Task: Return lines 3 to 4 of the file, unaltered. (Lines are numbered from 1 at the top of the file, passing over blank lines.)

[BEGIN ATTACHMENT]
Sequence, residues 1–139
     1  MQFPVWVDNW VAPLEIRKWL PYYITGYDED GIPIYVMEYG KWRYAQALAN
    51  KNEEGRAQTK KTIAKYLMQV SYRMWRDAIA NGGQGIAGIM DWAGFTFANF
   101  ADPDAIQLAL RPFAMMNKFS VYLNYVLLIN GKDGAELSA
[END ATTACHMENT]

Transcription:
    51  KNEEGRAQTK KTIAKYLMQV SYRMWRDAIA NGGQGIAGIM DWAGFTFANF
   101  ADPDAIQLAL RPFAMMNKFS VYLNYVLLIN GKDGAELSA